In fact, there was a time NRA stood up to help train black Americans to protect themselves from the Ku Klux Klan and the local police in the South. There was a very real threat of white Americans coming to inflict mortal harm on black men and the NRA used its power, much limited in scope than it is now, to support the right to bear arms for newly freed slaves after the Civil War. Where soldiers in the North were encouraged to keep their rifles after the war, black American soldiers in the South were told no go. Southern white men were suddenly very pro gun control.
Black Panthers came in the 1960s to rectify that, carrying guns to the letter of the law. They armed themselves to the gills with weapons and a superior understanding of the law, believing that the power of equal treatment came with the ownership of guns. California’s open carry laws stipulated that guns must be seen and carried in a non-threatening way, and as such, the Black Panthers paraded with them. Your liberal friends have passed around the Ronald Reagan meme, which quotes him as saying when he was Governor of California, “I do not believe in taking away the right of a citizen for sporting, for hunting, and so forth. But I do believe that an AK-47, a machine gun, is not a sporting weapon nor is needed for the defense of the home.” Reagan went on to say that he saw “no reason why on the street today a citizen should be carrying loaded weapons.” This was his response to the Panthers. He was all for gun control, if it meant limiting the access of guns to black citizens.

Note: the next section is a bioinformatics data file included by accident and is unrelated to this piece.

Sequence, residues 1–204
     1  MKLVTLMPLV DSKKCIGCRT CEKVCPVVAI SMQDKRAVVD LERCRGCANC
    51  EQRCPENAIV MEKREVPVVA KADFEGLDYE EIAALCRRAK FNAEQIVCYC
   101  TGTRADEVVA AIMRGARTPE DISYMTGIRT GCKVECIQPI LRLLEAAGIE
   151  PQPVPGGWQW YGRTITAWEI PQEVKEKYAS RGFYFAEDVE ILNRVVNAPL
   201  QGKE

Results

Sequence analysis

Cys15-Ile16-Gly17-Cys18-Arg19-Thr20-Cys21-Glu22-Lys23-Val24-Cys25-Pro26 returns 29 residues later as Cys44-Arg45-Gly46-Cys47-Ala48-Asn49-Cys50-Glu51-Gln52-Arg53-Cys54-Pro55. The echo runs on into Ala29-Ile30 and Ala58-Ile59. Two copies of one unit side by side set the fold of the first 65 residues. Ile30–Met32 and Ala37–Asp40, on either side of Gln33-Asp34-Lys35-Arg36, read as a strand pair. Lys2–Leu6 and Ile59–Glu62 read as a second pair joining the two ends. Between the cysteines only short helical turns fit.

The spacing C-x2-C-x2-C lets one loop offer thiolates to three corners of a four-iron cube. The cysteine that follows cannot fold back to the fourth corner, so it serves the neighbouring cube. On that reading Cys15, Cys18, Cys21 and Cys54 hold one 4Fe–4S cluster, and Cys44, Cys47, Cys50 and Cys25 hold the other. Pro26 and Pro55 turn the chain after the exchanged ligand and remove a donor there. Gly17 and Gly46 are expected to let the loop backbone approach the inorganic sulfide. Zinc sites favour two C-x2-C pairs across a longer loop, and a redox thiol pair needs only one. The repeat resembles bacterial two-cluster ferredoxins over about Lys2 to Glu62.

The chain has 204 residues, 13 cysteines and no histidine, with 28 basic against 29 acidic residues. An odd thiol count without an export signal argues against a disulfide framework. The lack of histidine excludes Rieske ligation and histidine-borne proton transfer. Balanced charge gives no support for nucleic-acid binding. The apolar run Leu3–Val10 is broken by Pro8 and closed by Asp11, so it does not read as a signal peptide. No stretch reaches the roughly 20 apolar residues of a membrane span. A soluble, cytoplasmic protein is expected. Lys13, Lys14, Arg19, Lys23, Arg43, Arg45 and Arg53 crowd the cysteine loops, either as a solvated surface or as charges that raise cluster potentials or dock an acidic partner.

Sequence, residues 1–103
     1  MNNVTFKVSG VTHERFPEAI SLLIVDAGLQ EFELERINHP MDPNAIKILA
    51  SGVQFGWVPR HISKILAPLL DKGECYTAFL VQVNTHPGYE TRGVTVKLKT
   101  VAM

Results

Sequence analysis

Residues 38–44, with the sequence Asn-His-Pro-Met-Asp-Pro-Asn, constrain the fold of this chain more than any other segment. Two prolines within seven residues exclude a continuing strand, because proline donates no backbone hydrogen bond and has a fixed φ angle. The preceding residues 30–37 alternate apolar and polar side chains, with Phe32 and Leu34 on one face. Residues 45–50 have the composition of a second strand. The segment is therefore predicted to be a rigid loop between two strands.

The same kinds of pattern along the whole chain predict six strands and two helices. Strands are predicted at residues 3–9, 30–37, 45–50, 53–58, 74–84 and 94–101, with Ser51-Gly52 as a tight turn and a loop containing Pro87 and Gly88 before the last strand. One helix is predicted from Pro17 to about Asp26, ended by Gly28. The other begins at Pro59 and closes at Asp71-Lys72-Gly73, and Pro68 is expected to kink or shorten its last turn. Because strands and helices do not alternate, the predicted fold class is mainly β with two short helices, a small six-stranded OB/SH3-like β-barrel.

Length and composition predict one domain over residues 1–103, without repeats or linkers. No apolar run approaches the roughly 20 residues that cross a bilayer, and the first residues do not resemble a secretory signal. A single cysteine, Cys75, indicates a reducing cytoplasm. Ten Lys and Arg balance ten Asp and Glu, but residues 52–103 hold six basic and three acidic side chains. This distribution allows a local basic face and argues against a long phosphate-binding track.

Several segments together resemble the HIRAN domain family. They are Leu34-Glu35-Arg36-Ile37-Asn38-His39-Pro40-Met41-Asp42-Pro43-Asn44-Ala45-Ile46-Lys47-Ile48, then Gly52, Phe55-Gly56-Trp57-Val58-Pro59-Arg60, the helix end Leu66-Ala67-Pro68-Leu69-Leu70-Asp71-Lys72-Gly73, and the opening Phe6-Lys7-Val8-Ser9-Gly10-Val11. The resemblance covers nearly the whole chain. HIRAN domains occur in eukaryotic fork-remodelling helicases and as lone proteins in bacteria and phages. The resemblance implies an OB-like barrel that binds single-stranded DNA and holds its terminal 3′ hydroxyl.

Somewhere along the line, the group of protectors known as the NRA was overtaken by white men with dollar signs in their eyes, and, as Lance Armstrong apparently did to himself, took a perfectly fine idea and pumped it full of steroids and padded their pockets doing it. And we let them. Because they don’t look threatening.